Tuesday, October 14, 2008

To Win, McCain Must Bring Up Wright/Ayers


The situation is looking fairly dire for Sen. McCain at the moment. The MSM is salivating over the reported anger being expressed at McCain rallies, some of which has been inappropriate and over the top. As if the left hasn't spent the last eight years behaving in a similar fashion.

Even if the Dow stabilizes, at this point the economy simply won't work as an issue for the party in power.

In the meantime, Obama's surrogates and supporters in the media are playing the race card in what appears to be a preemtive strike against what they see as coming attacks, focusing on Obama's former associates.

Both are intertwined.

The right isn't as angry at Obama as they are at McCain. At this moment they see the senator as shying away from attacks on Obama for his relationships with Wright and Ayers. These relationships have proven to be a salient issue with the electorate and if McCain goes through tomorrow's debate without hitting Obama hard on this, he has, in all likelyhood, blown his last good chance to significantly close the gap.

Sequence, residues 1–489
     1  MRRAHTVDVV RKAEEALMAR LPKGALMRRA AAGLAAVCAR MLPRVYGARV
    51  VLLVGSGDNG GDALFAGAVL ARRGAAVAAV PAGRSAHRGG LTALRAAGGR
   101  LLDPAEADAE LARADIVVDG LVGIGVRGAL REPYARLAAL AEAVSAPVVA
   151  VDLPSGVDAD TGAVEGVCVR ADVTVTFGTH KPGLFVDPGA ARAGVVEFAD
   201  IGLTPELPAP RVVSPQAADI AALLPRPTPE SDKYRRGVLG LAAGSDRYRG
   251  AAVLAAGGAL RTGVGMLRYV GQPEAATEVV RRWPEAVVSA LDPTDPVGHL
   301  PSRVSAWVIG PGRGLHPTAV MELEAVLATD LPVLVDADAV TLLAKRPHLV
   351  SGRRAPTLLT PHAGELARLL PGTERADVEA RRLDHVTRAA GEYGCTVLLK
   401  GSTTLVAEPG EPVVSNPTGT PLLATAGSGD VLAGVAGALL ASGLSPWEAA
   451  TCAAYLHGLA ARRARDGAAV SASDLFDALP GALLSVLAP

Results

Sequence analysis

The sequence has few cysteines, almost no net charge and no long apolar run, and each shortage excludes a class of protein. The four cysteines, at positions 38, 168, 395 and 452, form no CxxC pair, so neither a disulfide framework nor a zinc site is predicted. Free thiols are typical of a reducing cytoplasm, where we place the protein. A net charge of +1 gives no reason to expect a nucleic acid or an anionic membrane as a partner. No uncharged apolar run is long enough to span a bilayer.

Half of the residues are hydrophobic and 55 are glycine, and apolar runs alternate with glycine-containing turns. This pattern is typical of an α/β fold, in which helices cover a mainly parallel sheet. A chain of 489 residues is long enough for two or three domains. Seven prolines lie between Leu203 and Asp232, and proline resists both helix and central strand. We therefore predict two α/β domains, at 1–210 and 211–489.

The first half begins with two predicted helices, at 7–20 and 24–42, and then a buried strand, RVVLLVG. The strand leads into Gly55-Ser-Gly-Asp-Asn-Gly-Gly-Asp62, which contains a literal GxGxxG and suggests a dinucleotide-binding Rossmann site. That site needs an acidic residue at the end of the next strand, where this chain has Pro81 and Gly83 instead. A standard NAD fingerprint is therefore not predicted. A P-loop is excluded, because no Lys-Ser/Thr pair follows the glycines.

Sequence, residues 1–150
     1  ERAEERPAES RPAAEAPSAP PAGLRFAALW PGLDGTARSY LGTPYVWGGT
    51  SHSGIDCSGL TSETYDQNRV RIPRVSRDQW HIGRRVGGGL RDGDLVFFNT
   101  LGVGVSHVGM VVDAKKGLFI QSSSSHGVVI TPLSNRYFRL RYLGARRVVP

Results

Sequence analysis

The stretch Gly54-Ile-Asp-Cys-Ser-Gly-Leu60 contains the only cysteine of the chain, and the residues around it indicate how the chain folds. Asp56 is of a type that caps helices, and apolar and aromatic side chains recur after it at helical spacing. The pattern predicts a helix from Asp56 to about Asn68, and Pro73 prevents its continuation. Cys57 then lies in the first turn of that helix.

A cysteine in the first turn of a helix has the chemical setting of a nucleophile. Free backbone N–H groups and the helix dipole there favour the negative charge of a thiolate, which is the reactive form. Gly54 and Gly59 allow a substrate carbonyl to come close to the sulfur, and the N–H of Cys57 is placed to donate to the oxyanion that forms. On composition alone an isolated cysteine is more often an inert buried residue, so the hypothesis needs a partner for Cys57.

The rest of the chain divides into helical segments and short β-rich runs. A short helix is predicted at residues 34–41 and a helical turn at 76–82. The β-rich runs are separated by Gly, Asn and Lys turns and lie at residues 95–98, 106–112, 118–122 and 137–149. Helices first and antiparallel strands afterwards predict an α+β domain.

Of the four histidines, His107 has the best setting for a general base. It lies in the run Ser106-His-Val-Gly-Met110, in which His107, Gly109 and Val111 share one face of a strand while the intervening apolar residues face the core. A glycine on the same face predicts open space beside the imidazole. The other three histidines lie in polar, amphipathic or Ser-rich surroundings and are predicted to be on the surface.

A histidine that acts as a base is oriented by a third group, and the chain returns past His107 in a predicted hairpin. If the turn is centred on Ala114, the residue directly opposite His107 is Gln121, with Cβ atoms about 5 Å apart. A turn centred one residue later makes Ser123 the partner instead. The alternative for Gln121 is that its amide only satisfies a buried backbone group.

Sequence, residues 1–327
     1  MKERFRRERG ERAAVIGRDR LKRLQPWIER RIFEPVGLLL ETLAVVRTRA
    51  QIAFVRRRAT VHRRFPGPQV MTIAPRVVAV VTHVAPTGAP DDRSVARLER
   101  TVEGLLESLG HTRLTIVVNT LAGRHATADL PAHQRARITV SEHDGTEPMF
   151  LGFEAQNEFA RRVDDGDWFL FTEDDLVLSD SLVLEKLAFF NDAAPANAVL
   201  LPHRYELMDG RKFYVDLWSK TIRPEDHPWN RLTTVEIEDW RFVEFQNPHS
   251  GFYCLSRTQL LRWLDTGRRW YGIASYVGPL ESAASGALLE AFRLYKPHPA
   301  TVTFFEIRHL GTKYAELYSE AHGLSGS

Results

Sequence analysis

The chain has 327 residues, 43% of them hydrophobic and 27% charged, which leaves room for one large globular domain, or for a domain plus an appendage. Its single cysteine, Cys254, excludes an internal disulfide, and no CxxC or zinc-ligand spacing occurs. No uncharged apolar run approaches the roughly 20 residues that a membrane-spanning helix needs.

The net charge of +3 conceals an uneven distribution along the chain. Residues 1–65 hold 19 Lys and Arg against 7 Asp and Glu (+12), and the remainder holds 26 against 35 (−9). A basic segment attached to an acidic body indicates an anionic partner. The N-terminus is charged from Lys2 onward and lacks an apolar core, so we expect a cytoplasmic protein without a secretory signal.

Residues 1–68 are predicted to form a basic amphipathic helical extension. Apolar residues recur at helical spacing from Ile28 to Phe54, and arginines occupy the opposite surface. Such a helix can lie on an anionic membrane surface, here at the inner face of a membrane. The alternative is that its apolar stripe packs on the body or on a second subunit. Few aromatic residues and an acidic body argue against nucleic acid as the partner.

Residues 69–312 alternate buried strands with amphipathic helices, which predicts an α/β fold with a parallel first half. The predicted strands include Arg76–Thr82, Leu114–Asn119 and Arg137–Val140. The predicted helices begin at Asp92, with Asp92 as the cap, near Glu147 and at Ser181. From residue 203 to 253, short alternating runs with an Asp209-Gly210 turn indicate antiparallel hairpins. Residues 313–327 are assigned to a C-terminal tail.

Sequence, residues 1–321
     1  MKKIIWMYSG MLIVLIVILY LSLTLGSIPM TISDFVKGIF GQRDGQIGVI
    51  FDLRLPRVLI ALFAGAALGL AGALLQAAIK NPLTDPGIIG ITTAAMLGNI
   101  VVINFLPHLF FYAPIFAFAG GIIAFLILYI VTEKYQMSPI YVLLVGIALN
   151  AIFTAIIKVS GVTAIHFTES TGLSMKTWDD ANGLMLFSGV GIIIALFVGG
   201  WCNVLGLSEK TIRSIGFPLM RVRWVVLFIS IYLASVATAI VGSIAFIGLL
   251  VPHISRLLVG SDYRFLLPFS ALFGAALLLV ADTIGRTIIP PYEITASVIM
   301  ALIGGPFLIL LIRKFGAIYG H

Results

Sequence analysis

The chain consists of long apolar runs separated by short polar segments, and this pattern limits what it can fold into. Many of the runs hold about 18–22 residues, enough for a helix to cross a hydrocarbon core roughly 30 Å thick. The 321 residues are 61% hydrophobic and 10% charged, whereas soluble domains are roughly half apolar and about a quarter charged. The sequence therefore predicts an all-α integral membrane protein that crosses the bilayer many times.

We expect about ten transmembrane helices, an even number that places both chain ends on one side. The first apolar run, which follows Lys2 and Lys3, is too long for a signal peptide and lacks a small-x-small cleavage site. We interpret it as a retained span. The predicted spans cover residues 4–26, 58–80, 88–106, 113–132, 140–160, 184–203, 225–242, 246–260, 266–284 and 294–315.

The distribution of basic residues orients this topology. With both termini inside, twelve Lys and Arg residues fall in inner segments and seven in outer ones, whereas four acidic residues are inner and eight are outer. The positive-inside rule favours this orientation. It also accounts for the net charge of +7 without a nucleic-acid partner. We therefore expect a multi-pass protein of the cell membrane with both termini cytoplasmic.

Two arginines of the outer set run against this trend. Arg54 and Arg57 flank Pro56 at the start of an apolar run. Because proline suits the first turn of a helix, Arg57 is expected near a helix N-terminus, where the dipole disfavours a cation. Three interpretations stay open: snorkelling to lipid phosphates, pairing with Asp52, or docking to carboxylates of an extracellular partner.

If McCain hasn't figured this out yet, the Democrats certainly have. All of this talk about racism and intolerance and the increased talk of the "Bradley Effect" is a preview of what is to come, if McCain begins hitting Obama hard on Wright/Ayers.

In addition to claiming that McCain is trying to shift focus away from the economy, the left will also claim that McCain's attacks are a subliminal swipe at Obama's inner city Chicago roots.

I don't think it will work.

McCain must try and get Obama's dubious associations into the news cycle and he must do it now.

Obama's supporters will inevitably say that these things don't matter and that we should be talking about something else. The McCain campaign should respond by suggesting that we let the voters decide what matters and what does not.

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2 comments:

joeeightpack said...

Basically what you're saying here is that McCain's only hope left is to bring up one dubious associate who the press already devoted about two months of attention to and another whose association with Obama was limited to one coffee fundraiser and serving on the board of a Republican funded education initiative?

Maybe McCain ought to think about telling people why the hell they should even consider voting for him, a subject he's been lax on comparatively? Or is he so beaten down that he can only hope for 'anti-Obama' votes?

Well, it'll at least be nice and convenient for all the pundits when Obama wins. They can say that McCain didn't press these associations enough or the media didn't give them enough traction. No one will have to admit he was lacking in leadership and horrific with his campaign decisions.

knowitall said...

Obama's supporters looked passed everything, including the fact that he was one of the elitist illuminati in Congress for the passed two years making horrible decisions.